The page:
What are you trying to accomplish?  Please be specific about what your project will do - don't just say something like, "I'm trying to detect light in 48 places."
131  Using Arduino / Project Guidance / Re: High current draw, external power supply and grounding guidance on: January 17, 2014, 04:03:58 pm
Here's how I interpret the schematic and accompanying text:

Each photoresistor is connected to a 10K resistor, and each series combination of the photoresistor and 10K resistor is connected between 5V and ground. 

Have I got that right?

If so, please do the math.  A photoresistor's resistance can be no less than zero.  The resistance of the series combination of a photoresistor and a 10K resistor can be no less than 10K.  The parallel combination of 48 10K resistors is 10,000/48 =~ 208.3 ohms.  Ohm's law says 208.3 Ohms will draw 5/208.3 = 0.024 amps from a 5V supply - 24 mA.  You seem to be measuring over 100 times that much, at 2.5A.

Something's wrong.  Either you meant to say something other than 2.5A in the original post, or something's not hooked up the way you think it is.

Can you illuminate?
132  Using Arduino / Project Guidance / Re: High current draw, external power supply and grounding guidance on: January 17, 2014, 02:04:31 pm
With 48 sensors and a total 2.5 amp load, that averages to over 50 mA per sensor.  If they're powering them at 5V, and it sounds like they are, that corresponds to a resistance of less than 100 ohms, and a power dissipation of over a quarter of a watt per device.   It sounds like you might have these things connected straight across the 5V supply.  

Please tell more:
  • How do you have these things hooked up?  Please be very specific, or post a schematic.
  • What are you trying to accomplish?  Please be specific about what your project will do - don't just say something like, "I'm trying to detect light in 48 places."
[Edit: Fix spelling and formatting]
133  Using Arduino / Audio / Re: a couple questions about FFT/FHT on Arduino on: January 13, 2014, 11:34:04 pm
I found your elephant analogy offensive ...
No offense was intended.  That's a common saying in my part of the United States; I suppose it's less common elsewhere.  A better expression of my intended meaning would be, "The issues involved here are complex, and they would be difficult to explain, or to understand, all at once.  We'll take it a step at a time."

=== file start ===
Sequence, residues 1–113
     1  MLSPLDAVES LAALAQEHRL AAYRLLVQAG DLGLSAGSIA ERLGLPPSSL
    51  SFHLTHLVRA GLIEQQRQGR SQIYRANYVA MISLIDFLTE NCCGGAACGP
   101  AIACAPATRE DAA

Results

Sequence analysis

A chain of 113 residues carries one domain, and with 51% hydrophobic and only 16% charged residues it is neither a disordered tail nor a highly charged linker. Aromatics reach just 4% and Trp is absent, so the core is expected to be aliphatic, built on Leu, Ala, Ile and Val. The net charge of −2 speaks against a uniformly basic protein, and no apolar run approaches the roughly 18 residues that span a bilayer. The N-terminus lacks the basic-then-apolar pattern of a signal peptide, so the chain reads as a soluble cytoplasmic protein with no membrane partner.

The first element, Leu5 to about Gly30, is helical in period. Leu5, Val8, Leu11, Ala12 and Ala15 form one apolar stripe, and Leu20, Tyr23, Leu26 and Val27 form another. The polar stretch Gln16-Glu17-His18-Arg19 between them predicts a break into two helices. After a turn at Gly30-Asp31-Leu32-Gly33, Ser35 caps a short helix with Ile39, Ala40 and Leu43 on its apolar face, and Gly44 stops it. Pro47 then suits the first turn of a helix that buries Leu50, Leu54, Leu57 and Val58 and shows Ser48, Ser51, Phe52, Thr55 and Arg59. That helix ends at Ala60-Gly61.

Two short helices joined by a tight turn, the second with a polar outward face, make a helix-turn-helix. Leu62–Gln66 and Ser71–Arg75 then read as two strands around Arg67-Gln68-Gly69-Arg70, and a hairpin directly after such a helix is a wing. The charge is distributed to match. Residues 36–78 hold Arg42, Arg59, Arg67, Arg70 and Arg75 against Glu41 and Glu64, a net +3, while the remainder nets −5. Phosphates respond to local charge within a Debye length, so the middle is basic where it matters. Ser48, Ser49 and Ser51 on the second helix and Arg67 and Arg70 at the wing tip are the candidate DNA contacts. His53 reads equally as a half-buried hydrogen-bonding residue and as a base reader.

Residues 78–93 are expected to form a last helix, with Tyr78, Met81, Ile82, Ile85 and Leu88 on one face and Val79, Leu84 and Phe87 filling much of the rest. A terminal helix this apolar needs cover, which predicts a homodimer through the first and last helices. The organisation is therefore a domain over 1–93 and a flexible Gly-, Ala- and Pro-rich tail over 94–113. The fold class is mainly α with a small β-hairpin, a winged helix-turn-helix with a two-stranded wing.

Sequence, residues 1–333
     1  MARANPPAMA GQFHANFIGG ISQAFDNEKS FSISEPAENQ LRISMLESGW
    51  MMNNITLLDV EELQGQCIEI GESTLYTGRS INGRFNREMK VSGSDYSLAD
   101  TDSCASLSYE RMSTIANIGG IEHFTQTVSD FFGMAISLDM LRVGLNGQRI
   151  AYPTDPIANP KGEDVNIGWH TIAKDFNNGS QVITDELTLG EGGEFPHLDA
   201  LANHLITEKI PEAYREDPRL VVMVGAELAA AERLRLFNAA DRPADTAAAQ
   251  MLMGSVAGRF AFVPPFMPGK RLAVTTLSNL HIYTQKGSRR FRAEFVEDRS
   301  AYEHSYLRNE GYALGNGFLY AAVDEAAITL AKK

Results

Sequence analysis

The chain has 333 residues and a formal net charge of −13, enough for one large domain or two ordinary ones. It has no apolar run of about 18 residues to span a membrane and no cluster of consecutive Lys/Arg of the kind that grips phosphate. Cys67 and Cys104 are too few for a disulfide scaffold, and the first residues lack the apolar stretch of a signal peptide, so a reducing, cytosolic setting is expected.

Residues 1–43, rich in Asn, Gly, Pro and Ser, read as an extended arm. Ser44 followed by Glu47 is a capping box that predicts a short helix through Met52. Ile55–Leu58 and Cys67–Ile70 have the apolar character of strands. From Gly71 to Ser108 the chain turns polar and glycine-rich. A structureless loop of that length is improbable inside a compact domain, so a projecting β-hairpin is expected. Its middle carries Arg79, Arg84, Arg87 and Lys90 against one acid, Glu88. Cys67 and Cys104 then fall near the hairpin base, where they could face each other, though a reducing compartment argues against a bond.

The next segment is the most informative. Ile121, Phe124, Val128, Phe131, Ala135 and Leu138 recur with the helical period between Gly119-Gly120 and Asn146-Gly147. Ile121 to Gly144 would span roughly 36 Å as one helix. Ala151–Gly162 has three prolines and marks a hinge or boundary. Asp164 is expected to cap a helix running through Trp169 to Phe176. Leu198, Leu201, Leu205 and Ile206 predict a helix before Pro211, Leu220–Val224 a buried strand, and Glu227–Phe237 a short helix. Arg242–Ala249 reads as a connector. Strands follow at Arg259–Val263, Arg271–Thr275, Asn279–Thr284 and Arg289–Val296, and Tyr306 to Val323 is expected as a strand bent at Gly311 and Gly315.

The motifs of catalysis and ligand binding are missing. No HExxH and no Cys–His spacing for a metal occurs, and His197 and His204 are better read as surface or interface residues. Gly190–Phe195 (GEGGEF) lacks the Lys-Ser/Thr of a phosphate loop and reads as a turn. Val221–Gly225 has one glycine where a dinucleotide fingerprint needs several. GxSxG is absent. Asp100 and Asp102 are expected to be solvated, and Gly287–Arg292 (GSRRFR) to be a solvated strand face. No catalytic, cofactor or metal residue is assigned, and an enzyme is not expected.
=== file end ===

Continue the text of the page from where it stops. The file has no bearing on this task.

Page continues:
It appears that this code was adapted from this link - http://wiki.openmusiclabs.com/wiki/FHTExample - and that it was transferred largely intact.  The original code operated the ADC in a polled, free-running mode, without any interrupts involved.  Adapting that code to an interrupt-driven application isn't trivial, and adapting it to run the ADC at a frequency that's not one of the prescaler's natural speeds is trickier yet. 

Good luck with your project.







134  Using Arduino / Audio / Re: a couple questions about FFT/FHT on Arduino on: January 13, 2014, 01:45:26 pm
The code (with now correct comments) has been updated and a couple smaller details have been changed ...
Please don't change the substance of posts that have already been answered; it makes it impossible for a later reader to follow the discussion.  See the sticky post, "How to use this forum - please read."  See item #14, which says, among other things,
Quote
Except for adding code tags, please don't modify earlier posts to make corrections. That makes the following posts read strangely. Post the modified code in a new reply.
For example, references to specific frequencies in the follow-up post won't make sense now that you've changed the sample rate to 4 kHz.  I won't complain if you fix spelling or grammar, or decide that you really didn't want to call somebody a "dweeb," and decide to substitute, "respected member of this community."  But it's best to leave the substance as it is.

Quote
You mention at the bottom of your post that there are other 'things not to like'. Could you please expand upon this?
For a start:
  • Variables that are modified in an interrupt service routine (ISR) aren't declared volatile.
  • The ISR is way too long.